Let's Make Robots!

Stomper - 3 servo hexapod

Navigates around using ultrasound

This is "Stomper", a 3-servo walking robot I built a few years ago from plans in Karl Williams "Insectronics" book. I've resurrected him from my robot junk pile to be my first robot posted here. He wanders about making noise until he runs out of battery power or we get tired of him stomping about frightening the cat or one of our dogs. He uses an SRF04 ultrasonic ranger to "map" the space in front of him and avoid obstacles.

Since several here are asking a bit more information.  Here's another go... :-) I've attached a few more photo's and a bit more description for those that who are interested in the mechanical details.


Top view

Stomper, top view

Bottom view

Stomper, bottom view


Here is a link to the "Insectronics" book on Amazon, you might be able to find a copy at your local booksellers as well. If you want to build one, be forewarned this isn't exactly a beginning project! You will need to make pc board if you follow the directions in the book. You will also need a Pic programmer to program the PICmicro 16F84A. I built my programmer from another book - the "el-cheapo programmer" from "Programming and Customizing PICmicrontrollers" by Myke Predko.

The software demonstrated in the YouTube video is straight out of the Insectronics book, this link: minimap.bas will show you the code I used. You could also use room-mapping.bas for nearly identical behavior - though a bit more open to some fun hacking!

If you are good with translating code, it should be easily adaptable to a BASIC Stamp or  PicAxe (that is so popular here). Since the pc board is very close to the same size as an Arduino I am tempted to convert to that (maybe I will sometime, hmmm).

Stomper is built of hobby aluminum I found at my local hardware store, as well as the little rubber bumpers I used for the feet. You will need some basic metalworking tools to build the body - a hacksaw, a drill, a tape-measure, and a screwdriver should do it. The book assembles him with small bolts, I used pop-rivets on the non-moving frame parts, bolts and lockwashers elsewhere. I also put a dab of superglue in the leg joints as the bolts loosened from walking.

In case anyone wants to know Stomper is about 21cm x 20cm, stands about 10cm tall (~ 8.5" x 8", 4" tall)

Have fun!



Comment viewing options

Select your preferred way to display the comments and click "Save settings" to activate your changes.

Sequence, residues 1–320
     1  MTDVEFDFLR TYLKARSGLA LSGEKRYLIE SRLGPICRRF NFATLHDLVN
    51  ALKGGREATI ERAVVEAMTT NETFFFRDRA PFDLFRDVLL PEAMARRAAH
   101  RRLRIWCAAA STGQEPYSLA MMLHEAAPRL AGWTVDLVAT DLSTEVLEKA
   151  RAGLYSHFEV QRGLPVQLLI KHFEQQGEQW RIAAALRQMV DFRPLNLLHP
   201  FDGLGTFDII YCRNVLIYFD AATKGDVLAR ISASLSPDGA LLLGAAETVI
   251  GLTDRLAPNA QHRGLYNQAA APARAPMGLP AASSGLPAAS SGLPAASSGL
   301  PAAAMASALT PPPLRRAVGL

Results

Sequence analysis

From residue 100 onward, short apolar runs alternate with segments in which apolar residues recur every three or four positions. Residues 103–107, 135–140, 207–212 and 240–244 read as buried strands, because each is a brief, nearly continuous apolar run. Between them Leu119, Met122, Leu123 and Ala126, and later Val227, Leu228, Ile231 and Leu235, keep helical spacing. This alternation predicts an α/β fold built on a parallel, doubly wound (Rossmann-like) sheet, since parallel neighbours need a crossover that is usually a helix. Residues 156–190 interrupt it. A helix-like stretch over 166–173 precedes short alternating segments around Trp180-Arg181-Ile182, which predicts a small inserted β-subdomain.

Very nice :)

In the code you are uing, there are breaks, pauses to wait for the servo to get to it's position before moving on.

I think these could be shorter, your servos are fast. 

Nice job on Stomper! :D

Hi Oddbot - I can't take credit for the software used in Stomper for this video! I played around a bit the code after I originally constructed Stomper, but then he sat for awhile in my robot "junkbox" for a couple years before I re-built him. The pic had been re-used for something else. So for the video, I gave Stomper a new pic and reloaded it with some code right out of the Insectronics book.

Lucky for you(!) the code file I used for the video is available from the book authors site - http://www.thinkbotics.com/mini-map.bas No doubt you will find some other interesting source files in the website as well! The algorithm itself is actually pretty simple! Stomper stops occassionally after travelling forward a bit and then turns around taking 11 distance measurements while putting the distance and heading values into a couple variables. The variable pairs with shorter distances are discarded. Stomper then turns to the heading with the highest range value and takes off stomping again. What's nice about this algorithm is it is very simple and can be adapted to almost any kind of robot. You can also stuff the values into arrays and can do things like choose some intermediate distances you want him to go to.


Mr. M - Yep, metal! He is constructed from ordinary hardware store aluminum stock (hobby metal). Nothing special! Just cut to length, drilled, and bolted together. I used pop-rivets on the frame pieces, but for the legs I used bolts and super-glue as there is some tendency for the leg parts to loosen from the stress of movement. I guess I should take/post another photo from above to better show off the construction! :-)


Stomper lives on! I had forgotten how much fun he is to have around and to demonstrate with...

Vey nice! I like the well constructed body. metal ftw!

The best "3 servo" 6 legged walker I've seen yet. Great manuverability. Reminds me of a soldier ant for some strange reason :D

Good video as well. Could you post the code he uses, I'm just learning to program pic processors and would like to see how you did it.